“Alongside this, following the global cuts to R&D funding during the Covid-19 pandemic, governments, research institutions and funding organisations must keep their foot on the accelerator to continue fostering novel interventions and treatments to maintain a robust malaria pipeline for the future. 

“If we don’t, this disease can thrive again and claim the lives of even more children despite solutions being available. But if we do, we have a historic opportunity to significantly reduce malaria and free up resources to secure the world against pandemics and climate change, benefitting people in the UK as well.”

Earlier this year Cameroon became the first country to launch RTS,S, the world’s first malaria vaccine for use in endemic countries, following the Malaria Vaccine Implementation Programme (MVIP) studies in Ghana, Kenya and Malawi, implemented by Ministries of Health and coordinated by WHO and funded by Gavi, the Vaccine Alliance, the Global Fund to Fight AIDS, Tuberculosis and Malaria, and Unitaid. This programme has seen the vaccine administered to more than 2 million children since 2019.


Thomas Breuer, GSK Chief Global Health Officer, said: “The launch of RTS,S the world’s first malaria vaccine for use in endemic countries, underscores how vital partnership and collaboration is in the global effort to achieve the 2030 SDG of reducing the number of cases and deaths caused by malaria. However, the toolbox of malaria vaccines and medicines needs further upgrades, as current tools will not be enough to conquer malaria. GSK will continue to invest in innovation and R&D to improve malaria prevention and treatment in children and vulnerable populations to support global elimination.”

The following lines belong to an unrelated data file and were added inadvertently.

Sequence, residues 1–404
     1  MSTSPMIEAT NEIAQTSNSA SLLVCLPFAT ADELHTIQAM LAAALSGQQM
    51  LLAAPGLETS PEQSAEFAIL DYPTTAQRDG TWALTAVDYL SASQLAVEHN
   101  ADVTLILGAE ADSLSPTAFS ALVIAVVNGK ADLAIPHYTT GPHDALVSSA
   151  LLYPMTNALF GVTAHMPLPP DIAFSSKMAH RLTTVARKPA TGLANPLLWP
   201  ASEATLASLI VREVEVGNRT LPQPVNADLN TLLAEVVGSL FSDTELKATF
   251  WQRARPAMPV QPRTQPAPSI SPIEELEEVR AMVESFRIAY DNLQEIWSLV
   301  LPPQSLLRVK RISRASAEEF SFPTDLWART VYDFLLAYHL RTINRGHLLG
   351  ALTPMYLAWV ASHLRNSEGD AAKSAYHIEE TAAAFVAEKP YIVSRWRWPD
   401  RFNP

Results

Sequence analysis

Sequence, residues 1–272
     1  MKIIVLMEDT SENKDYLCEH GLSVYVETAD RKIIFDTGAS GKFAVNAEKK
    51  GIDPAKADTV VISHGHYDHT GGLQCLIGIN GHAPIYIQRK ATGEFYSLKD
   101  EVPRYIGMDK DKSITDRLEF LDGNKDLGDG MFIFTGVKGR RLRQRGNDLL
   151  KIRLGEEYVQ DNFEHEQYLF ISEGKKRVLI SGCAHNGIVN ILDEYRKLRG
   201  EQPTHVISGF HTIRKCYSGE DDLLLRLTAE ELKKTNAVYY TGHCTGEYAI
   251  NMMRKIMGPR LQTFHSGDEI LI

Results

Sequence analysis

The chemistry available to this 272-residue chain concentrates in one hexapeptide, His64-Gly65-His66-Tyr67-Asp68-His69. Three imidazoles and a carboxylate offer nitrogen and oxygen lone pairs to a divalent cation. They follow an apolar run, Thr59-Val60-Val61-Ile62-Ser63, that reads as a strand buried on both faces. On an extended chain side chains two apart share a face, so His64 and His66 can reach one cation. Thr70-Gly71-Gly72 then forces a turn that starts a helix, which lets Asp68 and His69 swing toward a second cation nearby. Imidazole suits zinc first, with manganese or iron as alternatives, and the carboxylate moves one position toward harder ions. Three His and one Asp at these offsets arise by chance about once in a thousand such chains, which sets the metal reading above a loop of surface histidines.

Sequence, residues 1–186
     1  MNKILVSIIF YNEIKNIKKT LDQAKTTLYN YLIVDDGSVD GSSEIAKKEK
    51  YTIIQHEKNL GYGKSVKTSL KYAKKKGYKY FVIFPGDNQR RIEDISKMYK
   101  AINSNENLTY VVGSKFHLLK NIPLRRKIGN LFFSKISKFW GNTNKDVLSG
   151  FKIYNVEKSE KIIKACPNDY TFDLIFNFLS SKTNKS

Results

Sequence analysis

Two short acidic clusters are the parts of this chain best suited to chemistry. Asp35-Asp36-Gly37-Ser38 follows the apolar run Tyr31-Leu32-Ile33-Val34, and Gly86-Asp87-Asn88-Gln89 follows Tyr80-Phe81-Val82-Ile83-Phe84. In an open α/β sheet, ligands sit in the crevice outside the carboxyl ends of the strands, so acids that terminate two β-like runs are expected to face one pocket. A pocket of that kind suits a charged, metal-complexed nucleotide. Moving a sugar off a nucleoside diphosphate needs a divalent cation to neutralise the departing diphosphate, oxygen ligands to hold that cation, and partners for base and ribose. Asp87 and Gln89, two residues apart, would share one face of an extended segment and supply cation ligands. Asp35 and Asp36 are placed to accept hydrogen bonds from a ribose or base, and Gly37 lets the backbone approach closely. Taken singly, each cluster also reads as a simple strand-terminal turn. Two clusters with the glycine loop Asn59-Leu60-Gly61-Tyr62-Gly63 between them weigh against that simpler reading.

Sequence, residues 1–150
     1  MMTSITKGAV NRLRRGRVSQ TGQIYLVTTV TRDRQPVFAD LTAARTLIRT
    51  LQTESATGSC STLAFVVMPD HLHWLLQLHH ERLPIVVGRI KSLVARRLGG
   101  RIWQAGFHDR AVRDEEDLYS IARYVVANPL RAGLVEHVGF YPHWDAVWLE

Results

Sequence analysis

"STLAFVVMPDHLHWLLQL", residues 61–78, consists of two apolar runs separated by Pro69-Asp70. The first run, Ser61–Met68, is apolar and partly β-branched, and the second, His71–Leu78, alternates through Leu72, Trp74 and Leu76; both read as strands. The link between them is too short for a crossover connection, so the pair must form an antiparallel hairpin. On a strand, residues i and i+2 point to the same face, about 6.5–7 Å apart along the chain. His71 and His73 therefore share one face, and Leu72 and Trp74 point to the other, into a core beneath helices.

Sylvie Fonteilles Drabek, Interim CEO for Medicines for Malaria Venture, said: “We believe we can beat malaria in our lifetimes. Current innovations in preventing and curing the disease will prove essential in this fight. But, as this research shows, global health is affected by external shocks (such as the Covid-19 pandemic), which can significantly hinder progress. 

“This is why we must maintain momentum in striving to achieve the SDG target related to malaria by continuing to invest in R&D for new and more effective innovations, as well as ensuring that these interventions get from labs to those who need them. Medicines for Malaria Venture will continue to work with its partners to bring forward antimalarials that protect and cure the world’s most underserved populations, and enhance control and elimination efforts to ultimately achieve eradication.”


The World Health Organization estimate that malaria interventions have contributed to the prevention of 2.1bn cases and 11.7m deaths between 2000 to 2022, and that 191m cases and 991,000 deaths were averted in 2022 alone.

The success of the malaria vaccines and other new tools, including next-generation bed nets, is dependent on The Global Fund and Gavi generating the money they need to manufacture and distribute them in sufficient quantities.